North island Highlights.

Auckland: With its international airport, Auckland makes a good start point for your journey. Auckland is New Zealand’s largest city and based around two harbours. Viaduct Harbour is a great setting for a stroll along the waterfront admiring the yachts, dining in style in world class restaurants or enjoying the great shopping and entertainment.

Take a day trip across to Waiheke Island just off the Auckland coast with 92 square kilometres of beautiful beaches, vineyards, olive groves, native bush and laid back seaside villages. 

Bay of Islands: The Bay of Islands, on the northernmost tip of North Island, is a subtropical haven of ancient kauri forests, stunning coastlines and secluded, undeveloped coves that are perfect for exploring and water activities. Visit Waitangi Treaty Ground, New Zealand’s most important historic site where, in 1840, New Zealand’s founding document was signed.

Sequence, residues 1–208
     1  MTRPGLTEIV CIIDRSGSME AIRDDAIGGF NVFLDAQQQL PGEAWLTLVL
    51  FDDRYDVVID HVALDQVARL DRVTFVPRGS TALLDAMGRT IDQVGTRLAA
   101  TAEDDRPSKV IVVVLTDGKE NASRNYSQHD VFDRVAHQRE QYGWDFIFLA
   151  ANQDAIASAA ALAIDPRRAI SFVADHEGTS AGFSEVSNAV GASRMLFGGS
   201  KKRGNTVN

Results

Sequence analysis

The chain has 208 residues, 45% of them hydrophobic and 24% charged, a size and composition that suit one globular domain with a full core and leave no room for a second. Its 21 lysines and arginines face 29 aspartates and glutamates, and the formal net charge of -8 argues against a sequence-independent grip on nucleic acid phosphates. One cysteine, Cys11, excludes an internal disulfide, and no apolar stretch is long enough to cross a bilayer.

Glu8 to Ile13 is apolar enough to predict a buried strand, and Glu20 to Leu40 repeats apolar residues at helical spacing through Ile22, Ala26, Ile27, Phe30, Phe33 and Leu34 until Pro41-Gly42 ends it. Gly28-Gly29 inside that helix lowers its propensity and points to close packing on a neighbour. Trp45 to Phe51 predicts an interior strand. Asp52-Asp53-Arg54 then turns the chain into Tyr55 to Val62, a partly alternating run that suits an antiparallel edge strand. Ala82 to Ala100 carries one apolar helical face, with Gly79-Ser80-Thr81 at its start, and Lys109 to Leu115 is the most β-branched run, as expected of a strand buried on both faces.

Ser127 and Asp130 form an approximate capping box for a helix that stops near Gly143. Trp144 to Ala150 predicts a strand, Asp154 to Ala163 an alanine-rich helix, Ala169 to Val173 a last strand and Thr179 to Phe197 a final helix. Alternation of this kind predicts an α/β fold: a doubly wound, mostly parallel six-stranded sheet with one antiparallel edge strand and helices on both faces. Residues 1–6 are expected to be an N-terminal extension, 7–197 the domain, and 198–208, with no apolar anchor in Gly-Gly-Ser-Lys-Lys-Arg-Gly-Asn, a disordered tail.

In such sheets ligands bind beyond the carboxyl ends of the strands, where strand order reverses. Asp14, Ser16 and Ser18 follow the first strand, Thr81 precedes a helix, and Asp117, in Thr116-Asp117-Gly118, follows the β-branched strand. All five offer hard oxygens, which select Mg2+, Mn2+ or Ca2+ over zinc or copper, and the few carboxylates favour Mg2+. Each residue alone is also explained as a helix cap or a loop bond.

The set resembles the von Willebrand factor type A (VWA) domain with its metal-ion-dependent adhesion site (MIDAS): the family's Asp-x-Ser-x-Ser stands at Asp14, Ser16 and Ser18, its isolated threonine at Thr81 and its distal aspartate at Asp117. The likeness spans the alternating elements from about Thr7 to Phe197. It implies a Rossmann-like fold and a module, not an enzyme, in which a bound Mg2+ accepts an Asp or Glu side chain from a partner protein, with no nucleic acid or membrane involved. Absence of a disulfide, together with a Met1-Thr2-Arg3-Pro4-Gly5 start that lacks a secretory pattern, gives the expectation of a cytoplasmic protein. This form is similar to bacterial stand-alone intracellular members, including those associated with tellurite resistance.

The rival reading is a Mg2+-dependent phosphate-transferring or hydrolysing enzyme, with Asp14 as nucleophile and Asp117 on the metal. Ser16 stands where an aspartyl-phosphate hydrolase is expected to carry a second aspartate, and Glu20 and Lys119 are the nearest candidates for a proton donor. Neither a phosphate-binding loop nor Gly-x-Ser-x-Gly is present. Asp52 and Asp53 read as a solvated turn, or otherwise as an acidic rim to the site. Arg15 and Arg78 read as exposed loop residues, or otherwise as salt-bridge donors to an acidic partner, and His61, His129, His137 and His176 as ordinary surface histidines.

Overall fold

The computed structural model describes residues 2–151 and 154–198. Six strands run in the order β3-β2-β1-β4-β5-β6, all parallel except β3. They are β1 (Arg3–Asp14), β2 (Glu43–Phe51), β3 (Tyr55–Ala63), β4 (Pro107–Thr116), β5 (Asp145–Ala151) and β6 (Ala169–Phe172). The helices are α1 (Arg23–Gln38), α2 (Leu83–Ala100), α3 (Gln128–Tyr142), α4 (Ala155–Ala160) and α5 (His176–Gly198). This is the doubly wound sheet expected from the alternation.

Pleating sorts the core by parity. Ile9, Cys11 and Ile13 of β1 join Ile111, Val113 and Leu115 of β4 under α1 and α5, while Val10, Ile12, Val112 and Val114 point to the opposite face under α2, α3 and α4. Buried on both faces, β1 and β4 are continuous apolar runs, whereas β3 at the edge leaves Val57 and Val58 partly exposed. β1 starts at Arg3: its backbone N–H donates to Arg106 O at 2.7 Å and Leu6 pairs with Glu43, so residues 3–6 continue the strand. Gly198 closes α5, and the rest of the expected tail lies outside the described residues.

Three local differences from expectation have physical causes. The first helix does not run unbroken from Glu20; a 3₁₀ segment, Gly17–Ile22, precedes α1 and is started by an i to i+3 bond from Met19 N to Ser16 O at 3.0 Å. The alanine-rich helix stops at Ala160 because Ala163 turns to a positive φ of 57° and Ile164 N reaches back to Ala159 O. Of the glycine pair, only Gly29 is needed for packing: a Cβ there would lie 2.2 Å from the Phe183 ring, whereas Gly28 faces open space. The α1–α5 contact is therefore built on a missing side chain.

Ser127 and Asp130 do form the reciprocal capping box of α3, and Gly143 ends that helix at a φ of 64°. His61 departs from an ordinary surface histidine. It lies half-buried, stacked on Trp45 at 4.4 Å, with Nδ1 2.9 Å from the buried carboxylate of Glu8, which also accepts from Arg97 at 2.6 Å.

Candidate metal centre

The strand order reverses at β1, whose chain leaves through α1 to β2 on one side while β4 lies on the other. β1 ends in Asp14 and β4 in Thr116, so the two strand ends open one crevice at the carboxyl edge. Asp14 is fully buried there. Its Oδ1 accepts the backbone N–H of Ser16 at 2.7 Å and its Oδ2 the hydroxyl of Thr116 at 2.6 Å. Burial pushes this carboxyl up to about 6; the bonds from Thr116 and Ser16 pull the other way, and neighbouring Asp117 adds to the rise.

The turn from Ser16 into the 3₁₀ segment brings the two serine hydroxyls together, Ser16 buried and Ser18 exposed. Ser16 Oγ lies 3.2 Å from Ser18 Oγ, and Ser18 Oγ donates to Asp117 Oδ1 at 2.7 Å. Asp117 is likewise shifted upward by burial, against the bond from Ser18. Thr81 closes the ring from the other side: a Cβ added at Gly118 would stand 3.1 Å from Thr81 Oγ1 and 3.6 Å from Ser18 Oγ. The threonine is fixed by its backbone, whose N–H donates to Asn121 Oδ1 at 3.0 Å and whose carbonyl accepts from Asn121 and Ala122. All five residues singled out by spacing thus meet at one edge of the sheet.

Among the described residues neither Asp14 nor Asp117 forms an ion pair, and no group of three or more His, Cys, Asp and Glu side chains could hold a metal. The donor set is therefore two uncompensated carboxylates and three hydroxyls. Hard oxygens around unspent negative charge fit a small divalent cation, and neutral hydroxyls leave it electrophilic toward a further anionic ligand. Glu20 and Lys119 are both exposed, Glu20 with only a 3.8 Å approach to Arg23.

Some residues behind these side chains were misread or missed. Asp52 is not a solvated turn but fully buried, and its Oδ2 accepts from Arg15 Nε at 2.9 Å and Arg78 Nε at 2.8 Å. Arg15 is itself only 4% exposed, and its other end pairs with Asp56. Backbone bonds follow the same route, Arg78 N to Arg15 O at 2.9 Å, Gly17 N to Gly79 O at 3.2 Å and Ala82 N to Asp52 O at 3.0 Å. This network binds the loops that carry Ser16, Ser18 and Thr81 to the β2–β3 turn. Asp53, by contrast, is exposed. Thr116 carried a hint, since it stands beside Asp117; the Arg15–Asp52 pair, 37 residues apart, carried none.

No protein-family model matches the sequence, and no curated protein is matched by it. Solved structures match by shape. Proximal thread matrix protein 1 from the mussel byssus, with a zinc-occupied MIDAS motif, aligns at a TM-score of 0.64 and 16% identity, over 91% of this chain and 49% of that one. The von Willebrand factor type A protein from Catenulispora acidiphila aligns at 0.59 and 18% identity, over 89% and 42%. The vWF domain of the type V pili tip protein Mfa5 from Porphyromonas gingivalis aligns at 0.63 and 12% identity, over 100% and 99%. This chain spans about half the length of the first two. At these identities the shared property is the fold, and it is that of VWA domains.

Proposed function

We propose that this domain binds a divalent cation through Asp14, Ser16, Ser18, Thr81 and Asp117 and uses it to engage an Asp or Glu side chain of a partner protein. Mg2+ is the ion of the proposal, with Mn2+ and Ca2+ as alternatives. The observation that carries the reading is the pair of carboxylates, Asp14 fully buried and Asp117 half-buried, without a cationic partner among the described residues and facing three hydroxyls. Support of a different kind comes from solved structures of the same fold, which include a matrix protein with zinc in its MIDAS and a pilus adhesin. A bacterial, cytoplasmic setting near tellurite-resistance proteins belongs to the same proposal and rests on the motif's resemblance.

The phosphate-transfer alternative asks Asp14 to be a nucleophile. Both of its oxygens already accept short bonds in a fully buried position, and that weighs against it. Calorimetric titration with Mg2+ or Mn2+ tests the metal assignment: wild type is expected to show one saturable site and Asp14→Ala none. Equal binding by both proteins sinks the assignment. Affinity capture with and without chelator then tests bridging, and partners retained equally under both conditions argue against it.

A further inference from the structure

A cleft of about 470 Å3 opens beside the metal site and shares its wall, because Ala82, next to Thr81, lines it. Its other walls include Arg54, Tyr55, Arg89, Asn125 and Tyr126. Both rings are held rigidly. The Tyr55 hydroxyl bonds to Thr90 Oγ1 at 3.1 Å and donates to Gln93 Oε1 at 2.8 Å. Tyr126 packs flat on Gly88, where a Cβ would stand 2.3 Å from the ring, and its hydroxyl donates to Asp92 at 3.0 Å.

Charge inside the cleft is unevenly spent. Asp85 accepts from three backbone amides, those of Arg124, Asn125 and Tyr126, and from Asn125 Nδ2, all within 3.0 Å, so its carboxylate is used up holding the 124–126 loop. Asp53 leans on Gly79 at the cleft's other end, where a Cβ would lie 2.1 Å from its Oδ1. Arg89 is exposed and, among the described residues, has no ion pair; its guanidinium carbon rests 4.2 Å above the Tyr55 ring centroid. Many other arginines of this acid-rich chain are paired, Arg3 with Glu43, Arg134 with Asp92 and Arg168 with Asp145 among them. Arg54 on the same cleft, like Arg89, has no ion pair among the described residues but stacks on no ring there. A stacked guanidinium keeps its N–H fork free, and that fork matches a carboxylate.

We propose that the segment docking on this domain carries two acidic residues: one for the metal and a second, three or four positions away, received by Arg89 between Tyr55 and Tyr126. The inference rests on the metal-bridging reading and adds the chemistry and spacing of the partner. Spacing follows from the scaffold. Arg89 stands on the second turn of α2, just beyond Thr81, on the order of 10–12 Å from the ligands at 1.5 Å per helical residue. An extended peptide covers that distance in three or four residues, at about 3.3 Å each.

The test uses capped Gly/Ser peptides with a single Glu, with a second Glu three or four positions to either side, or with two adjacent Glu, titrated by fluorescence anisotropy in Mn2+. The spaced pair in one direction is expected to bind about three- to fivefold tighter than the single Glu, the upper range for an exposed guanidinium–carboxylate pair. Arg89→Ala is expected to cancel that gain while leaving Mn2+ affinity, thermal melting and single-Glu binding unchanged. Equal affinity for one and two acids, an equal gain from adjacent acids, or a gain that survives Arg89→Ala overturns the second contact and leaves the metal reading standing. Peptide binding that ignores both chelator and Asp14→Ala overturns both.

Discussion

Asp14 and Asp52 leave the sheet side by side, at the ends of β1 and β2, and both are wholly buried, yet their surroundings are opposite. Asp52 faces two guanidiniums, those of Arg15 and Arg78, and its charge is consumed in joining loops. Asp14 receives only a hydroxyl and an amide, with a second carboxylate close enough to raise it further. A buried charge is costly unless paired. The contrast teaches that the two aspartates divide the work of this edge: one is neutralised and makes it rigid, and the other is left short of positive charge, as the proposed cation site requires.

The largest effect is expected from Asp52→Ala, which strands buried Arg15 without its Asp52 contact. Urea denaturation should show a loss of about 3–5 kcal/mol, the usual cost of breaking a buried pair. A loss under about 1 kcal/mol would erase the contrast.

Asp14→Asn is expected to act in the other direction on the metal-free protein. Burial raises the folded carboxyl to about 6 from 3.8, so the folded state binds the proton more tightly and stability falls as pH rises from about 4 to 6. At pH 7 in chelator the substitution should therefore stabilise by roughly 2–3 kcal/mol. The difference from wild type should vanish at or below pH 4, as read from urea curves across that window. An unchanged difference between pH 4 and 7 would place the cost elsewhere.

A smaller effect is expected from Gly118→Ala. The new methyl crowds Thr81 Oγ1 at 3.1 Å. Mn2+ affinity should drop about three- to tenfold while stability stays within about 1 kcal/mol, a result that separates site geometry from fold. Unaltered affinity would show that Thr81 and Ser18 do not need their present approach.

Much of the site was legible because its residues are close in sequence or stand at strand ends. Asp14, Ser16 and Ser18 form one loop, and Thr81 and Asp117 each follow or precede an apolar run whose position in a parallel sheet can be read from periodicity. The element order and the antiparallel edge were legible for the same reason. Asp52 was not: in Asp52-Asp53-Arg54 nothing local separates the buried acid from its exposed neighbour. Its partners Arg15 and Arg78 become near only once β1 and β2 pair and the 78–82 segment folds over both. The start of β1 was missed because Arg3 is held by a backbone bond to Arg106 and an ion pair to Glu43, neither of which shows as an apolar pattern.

Rotorua: Rotorua is in the very heart of the North Island of New Zealand. With a laid-back atmosphere, it’s the perfect place to recharge your batteries, connect with Maori culture, and get back to nature with a walk in the Redwood forests or tackling one of the oldest mountain biking networks in the world. Discover geysers and whizz down Lake Rotorua in a canoe or take a trip to the Hobbiton film set.

Tongariro National Park: Within the boundaries of the Park are three volcanoes making for some of New Zealand’s most contrasting and breath-taking landscapes. Discover some of the best ski and snowboarding runs in the country during the winter months, and in summer a network of tracks and huts provide a choice of superb walks, the most famous of which is the full day trek The Tongariro Alpine Crossing.